The year of 1914 must be a far shot from 1848 when he had become Emperor at the age of 18. He would have been full of hope for his grand Empire even though he had to put down the Hungarian nationalists who objected to Austrian rule. His mother, Princess Sophie of Bavaria wanted the best for him and was determined that he should marry properly and choose a young woman who would provide an heir for his Empire and ensure the strength and continuation of the great bloodline.

In this matter, he left the match making for his mother to do for she was said to be a lady of strong determination. She wanted to forge a link between the Habsburgs and the Royal house of Wittlsbach in Bavaria. She arranged a gathering where by a young Bavarian Duchess called Helena (affectionately known as Nene) might be presented to him, Franz Joseph – ruler of Austro-Hungary and her Empire.

To the embarrassment of all; he, young Franz Joseph, showed no interest in Duchess Helena. Instead, he showed all his attention to the Duchess’ younger sister who had accompanied her to the social gathering (Maybe a Ball). The younger sister was called Elisabeth (affectionately known as Sissi)

The Emperor’s mother tried to rearrange things with him afterwards, but the young Emperor stuck to his guns on this issue and was determined to wed Elisabeth and not the older sister Helena. In the end, Princess Sophie relented as it was still a union with the Bavarian House of Wittelsbach.

The happiness of the Royal couple did not last too long because the new young Empress found it hard to adjust to the confines of her Royal life in the Palace. She did not get on well with Princess Sophie, her mother in law. She found her far too intrusive. Sissi had given birth to two daughters – one of which, sadly died in infancy aged 2. Finally, the third child to be born was a son and heir who Franz Joseph named Rudolph.

Princess Sophie intervened in the infants' tuition and well being, having their nursery moved to her quarters of the Palace. This angered Sissi but she could not do much about it and her confinement grew more stressful. She threw herself into a number of interests including speaking Hungarian and learning of that nation’s resentment of Austria’s influence. She also became widely travelled – an indulgence allowed to her because her confinement was making her ill. She became famous for her travelling life style and her sense of fashion and her good looks. The Empress of Austria (Sissi) was one of the first iconic Royals who people all over Europe liked to hear stories about. She travelled widely and became most popular. In time, she and her husband Emperor Franz Joseph developed an understanding and tolerance of one another’s different needs. They had a brief reconciliation which produced another daughter and together were crowned King and Queen of Hungary. Again, they went their separate ways but remained married and watchful of one another. Emperor Franz Joseph constantly wrote letters to her and it is said that in later life, Sissi encouraged Franz Joseph to see Katherina Schratt in 1885 after the Emperor saw the young actress perform in theatre.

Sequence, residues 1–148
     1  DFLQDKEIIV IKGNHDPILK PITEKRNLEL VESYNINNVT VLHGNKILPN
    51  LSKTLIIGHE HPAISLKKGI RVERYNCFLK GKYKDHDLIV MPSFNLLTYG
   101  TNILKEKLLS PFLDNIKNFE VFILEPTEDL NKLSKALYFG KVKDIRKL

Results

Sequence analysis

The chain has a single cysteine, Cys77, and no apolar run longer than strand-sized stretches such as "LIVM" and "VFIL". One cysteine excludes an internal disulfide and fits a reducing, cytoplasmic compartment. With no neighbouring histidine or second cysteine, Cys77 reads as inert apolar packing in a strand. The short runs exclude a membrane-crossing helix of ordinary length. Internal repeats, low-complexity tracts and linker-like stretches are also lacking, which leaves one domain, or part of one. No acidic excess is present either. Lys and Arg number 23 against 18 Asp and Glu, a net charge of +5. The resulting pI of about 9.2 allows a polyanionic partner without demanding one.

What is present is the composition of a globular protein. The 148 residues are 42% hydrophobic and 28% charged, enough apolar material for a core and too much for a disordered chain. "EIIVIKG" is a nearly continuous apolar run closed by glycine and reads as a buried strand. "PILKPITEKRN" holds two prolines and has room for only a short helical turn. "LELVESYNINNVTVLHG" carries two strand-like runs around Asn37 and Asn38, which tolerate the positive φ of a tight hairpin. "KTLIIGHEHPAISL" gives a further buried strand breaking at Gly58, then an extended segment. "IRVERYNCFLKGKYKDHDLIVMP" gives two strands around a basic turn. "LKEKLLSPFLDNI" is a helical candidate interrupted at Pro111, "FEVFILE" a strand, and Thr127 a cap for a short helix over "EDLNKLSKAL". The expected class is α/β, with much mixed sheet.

Perhaps the old Emperor looked back from this year of 1914 and smiled with affection for the memory of his dear wife Sissi, as he wandered through his Palace grounds on route to his mistress’ house - knowing that Sissi might be looking down approvingly. Maybe he would gulp and hold back a tear for the memory of his independent and beautiful wife – his strong-willed Sissi that he knew, would not be confined in Palace rooms.

Then he might drift upon the most dreadful memory of his son and heir, Crown Prince Rudolph. The dreadful Mayerling Incident in 1889 when his only son was found dead in the hunting lodge beside the body of 17-year-old Baroness Mary Vistera. The dreadful memory of Sissi devastated by the death of their only son - his angry and panic-stricken daughter-in-law, Princess Stephanie of Belgium – King Leopold’s daughter, remonstrating on how such a thing could be outside of their marriage.